President Vladimir Putin has staked his reputation on the Sochi
Games, hoping they would show the world Russia's modern face more
than two decades after the collapse of the Soviet Union.
Both women said on Twitter that police used force and threw them
into a police van. Tolokonnikova said they had been accused of
theft, and Alyokhina later said they were being questioned without
their lawyers present.
"At the time of our detention, we weren't engaged in any protests,
we were walking around Sochi. WE WERE WALKING," Tolokonnikova said
Lawyer Alexander Popkov told reporters gathered outside the police
station in the Adler district of Sochi, that some 30 to 40 officers
had arrested 12-15 people.
He named Alyokhina and Tolokonnikova as among the detainees.
"They have been held over an alleged theft at a hotel," Popkov said.
"They (the authorities) have refused to fully explain the reason for
The women were in Sochi with other members of Pussy Riot to record a
musical film called "Putin will teach you to love the motherland",
The two women were released from prison on December 23 under an
amnesty that Tolokonnikova said was a stunt by Putin to improve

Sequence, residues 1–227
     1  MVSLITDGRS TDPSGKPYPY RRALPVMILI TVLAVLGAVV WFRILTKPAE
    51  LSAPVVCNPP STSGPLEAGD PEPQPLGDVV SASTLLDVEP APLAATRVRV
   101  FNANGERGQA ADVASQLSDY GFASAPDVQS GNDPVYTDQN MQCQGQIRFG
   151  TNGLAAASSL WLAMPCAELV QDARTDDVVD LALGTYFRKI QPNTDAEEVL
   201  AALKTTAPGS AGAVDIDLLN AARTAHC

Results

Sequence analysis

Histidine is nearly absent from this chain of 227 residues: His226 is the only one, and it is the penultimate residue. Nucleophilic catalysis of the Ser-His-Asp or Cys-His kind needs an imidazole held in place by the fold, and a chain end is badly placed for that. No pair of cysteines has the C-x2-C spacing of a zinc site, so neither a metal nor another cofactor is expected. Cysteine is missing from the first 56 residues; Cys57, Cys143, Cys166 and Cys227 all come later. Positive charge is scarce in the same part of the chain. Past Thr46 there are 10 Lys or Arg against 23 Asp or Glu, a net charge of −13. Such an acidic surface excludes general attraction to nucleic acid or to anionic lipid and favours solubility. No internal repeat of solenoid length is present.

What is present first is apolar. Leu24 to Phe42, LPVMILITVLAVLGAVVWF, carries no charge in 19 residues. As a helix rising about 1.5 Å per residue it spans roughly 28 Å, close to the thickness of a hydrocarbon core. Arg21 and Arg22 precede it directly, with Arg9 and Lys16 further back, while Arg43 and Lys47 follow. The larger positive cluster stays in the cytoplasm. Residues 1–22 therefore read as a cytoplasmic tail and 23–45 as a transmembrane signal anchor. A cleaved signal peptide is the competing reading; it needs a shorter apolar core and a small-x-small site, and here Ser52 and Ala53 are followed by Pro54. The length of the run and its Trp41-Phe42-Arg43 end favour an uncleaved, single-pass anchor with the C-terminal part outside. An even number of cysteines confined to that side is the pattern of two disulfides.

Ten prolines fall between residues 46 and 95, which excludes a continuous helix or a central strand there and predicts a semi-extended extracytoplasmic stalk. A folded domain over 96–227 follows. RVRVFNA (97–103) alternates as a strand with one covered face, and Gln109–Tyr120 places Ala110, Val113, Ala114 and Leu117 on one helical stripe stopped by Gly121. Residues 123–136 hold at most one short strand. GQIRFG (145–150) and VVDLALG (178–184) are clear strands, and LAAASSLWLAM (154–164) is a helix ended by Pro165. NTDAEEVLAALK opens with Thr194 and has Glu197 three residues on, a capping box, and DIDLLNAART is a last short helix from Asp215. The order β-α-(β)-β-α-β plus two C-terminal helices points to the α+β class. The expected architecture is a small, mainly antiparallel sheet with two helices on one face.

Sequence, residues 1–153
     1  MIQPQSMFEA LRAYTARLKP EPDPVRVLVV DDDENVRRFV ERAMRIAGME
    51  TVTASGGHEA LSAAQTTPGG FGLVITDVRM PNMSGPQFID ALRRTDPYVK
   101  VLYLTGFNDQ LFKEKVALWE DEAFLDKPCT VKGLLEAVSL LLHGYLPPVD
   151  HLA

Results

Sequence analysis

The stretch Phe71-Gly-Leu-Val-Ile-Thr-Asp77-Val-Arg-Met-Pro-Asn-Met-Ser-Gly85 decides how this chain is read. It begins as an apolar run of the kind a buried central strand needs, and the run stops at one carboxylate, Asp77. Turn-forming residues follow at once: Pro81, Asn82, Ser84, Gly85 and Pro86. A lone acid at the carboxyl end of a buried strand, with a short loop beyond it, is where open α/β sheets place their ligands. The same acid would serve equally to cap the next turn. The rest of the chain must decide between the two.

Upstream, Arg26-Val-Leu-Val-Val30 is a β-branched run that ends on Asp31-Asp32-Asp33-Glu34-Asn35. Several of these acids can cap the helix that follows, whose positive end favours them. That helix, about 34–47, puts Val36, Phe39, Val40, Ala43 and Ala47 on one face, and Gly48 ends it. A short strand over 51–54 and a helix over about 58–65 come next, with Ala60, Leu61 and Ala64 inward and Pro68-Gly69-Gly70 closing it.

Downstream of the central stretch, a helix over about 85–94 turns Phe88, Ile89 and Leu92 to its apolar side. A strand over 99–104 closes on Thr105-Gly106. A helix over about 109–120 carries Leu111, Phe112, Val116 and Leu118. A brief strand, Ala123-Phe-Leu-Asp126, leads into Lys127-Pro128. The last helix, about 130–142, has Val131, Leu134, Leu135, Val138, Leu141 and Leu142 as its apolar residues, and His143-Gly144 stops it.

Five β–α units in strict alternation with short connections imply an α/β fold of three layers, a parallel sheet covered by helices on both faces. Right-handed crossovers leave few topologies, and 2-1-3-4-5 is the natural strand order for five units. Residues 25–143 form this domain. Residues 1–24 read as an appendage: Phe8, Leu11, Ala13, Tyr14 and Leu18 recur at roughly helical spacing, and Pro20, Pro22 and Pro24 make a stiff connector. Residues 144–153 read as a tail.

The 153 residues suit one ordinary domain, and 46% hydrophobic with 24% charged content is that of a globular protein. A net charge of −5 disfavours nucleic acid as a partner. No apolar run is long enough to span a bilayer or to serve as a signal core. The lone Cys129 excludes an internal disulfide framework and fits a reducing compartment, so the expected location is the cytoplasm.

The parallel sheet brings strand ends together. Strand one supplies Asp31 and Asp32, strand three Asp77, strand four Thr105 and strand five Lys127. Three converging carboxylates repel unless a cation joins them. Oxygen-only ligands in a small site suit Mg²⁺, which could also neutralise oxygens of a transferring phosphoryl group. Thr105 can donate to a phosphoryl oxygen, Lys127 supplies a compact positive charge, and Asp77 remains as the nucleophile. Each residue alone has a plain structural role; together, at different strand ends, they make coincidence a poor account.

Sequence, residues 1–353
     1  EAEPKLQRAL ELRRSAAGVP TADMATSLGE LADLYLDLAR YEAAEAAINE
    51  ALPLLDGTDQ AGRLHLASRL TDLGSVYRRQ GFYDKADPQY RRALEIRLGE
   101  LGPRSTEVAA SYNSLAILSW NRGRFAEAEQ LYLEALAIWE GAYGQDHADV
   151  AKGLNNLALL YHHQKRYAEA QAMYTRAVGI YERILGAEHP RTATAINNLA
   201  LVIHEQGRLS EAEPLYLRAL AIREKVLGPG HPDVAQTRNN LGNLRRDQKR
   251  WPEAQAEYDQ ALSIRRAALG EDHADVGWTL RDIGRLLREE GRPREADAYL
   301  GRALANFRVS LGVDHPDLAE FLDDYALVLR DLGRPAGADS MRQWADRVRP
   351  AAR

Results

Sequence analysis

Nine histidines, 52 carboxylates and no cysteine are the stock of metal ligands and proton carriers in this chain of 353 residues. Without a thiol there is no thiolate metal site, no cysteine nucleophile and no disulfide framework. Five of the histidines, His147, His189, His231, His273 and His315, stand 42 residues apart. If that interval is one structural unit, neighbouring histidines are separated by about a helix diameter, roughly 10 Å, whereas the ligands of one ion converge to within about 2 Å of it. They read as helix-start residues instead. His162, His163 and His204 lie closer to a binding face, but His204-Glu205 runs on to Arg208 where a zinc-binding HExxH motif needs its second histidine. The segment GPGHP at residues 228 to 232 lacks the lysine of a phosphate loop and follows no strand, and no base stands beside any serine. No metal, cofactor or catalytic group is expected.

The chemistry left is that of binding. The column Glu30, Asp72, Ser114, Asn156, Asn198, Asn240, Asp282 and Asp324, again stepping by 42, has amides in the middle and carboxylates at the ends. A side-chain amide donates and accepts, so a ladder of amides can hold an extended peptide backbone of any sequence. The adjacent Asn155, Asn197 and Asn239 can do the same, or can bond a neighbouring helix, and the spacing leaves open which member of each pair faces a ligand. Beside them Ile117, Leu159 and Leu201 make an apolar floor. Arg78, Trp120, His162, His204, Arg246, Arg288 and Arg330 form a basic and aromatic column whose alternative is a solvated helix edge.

Russia's image before the Olympics. They recently returned to Russia
after a tour through Europe and the United States.
Tolokonnikova, 24, and Alyokhina, 25, had been serving two-year jail
terms for hooliganism motivated by religious hatred after performing
a profanity-laced protest song against Putin in Moscow's main
cathedral in February 2012.
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Western governments said the sentences were disproportionate and
Kremlin critics called the trial part of a clampdown on dissent
during Putin's third presidential term.
Tolokonnikova said she and Alyokhina had also been detained for
seven hours on Sunday and for 10 hours on Monday, though their
presence in Sochi had not been advertised. "Now we are riding around
in a police van accused of theft," she wrote.
A lawyer for the women, Irina Khrunova, said police had detained a
large group on a Sochi street including accredited journalists, but
said she did not know why they had been detained.
"In Russia it happens that they just do that," she said when asked
why they had been arrested.
"No one identified concrete charges. Right now, there is a lawyer
there trying to find out."
Tolokonnikova's husband, Pyotr Verzilov, said the group members had
been detained at an office of the Federal Security Service (FSB) on
Monday on the border with the Georgian breakaway region of Abkhazia,
which borders Sochi.
(Additional reporting by Ian Bateson and Ludmila Danilova in Moscow;
writing by Thomas Grove; editing by Steve Gutterman, Elizabeth Piper
and Ossian Shine)
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